This refers to a form of listening which involves the ability to understand the distinction between different sounds produced. people’s ability to distinguish between different sounds is developed at an early age and improves as they grow older and gain more life experience. they are able to recognize subtle differences in the way sounds are made. This includes recognizing differences in foreign languages, regional accents, and tonal variations of a speaker. For example, at a tender age, a child makes a distinction between the difference in the voices of the parents or when one is in a noisy environment and his phone rings and he is able to distinguish between the sound of the noise in the background to that of the phone.
It involves the understanding of the message or messages being communicated. In order to understand the message, the listener needs appropriate vocabulary and language skills. However, two different people can understand the same message in two different ways.
For example, in a classroom or meeting, different meanings can be derived from what is said.
When a person wants to sift through what he has heard and come to a decision, he must listen critically. It involves judging the clarity, accuracy, and reliability of the message that is presented and being alert to the effects of emotional appeals. when a person speaks, critical listeners evaluate or scrutinize what they hear and decide if the message is logical, worthwhile or has value.it involves some sort of problem-solving or decision-making.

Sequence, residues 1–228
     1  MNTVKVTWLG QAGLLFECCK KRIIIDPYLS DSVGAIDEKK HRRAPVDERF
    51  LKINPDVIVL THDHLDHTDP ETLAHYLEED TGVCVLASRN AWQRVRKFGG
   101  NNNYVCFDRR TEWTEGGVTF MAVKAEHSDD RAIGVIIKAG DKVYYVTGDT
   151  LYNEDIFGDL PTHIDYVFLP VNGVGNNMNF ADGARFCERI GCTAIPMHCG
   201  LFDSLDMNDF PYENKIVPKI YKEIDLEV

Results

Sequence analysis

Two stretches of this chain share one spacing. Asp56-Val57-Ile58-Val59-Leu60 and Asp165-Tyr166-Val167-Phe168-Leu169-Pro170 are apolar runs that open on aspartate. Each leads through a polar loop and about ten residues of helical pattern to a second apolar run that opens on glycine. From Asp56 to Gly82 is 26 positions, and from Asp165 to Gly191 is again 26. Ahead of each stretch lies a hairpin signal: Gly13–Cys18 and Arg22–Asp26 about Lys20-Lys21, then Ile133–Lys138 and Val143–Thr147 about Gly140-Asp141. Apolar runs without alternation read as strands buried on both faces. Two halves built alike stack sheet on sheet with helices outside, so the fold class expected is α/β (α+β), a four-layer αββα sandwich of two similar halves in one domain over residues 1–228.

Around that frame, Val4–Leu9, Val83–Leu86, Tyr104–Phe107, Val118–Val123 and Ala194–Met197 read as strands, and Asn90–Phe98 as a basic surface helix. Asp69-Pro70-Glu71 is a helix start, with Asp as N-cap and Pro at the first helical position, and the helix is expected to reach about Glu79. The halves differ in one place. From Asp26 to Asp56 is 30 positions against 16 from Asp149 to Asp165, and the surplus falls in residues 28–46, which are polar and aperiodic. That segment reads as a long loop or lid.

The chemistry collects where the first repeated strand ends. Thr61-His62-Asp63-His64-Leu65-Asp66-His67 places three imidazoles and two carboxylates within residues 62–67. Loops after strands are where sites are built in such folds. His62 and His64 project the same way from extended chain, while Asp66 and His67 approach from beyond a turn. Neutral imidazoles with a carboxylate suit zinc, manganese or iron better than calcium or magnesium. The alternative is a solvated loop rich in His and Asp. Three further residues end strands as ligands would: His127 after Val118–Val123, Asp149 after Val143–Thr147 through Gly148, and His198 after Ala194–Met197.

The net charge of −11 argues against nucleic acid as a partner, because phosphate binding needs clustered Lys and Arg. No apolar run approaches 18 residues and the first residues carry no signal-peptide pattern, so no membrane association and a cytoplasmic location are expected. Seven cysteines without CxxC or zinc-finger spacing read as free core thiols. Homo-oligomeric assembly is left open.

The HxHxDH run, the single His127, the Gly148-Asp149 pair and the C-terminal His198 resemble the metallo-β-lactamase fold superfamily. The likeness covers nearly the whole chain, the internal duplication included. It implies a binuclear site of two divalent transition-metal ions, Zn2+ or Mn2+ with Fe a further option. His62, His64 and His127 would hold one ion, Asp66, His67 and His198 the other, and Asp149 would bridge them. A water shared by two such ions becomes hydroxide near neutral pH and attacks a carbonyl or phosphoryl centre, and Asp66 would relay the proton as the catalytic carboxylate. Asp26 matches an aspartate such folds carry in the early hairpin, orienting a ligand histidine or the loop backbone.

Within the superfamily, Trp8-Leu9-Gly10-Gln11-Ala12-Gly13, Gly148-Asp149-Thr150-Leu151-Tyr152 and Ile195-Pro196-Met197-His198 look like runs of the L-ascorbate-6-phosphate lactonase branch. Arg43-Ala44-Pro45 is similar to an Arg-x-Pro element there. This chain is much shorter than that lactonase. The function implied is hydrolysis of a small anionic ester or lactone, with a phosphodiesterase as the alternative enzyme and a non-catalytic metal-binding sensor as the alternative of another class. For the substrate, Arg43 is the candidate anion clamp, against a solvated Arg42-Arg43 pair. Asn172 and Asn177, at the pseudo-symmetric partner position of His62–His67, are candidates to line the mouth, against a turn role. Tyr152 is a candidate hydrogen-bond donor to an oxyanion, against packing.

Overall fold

This requires significant real-time cognitive effort as the listener evaluates the message, comparing it to existing knowledge and rules while simultaneously listening to the ongoing words from the speaker. For example, a person participating in a debate has to critically listen to what the other speaker is saying to enable him to challenge the motion.
In this form of listening, the listener empathizes with the speaker and uses that connection to understand and ultimately help the speaker. it involves the realization and understanding the speaker’s point of view. In this type of listening, the listener does not make judgments or offer advice but gently encourages the speaker to explain and elaborate on their feelings and emotions. however, clarification and reflection are used to avoid misunderstandings. Counselors and psychiatrists use this type of listening in their sessions with their clients. Friends also uses therapeutic listening to their troubled friends and act as sounding boards when they need someone to listen.
This refers to the listening of sounds for enjoyment. In this form of listening, we seek certain information from sounds and words which we will appreciate and suits our feelings and emotions. it can be done when you are on your own or with others who have a mutual appreciation for whatever it is you enjoy. For example, we listen appreciatively when listening to good music and poetry or when listening to the stirring words of a great leader.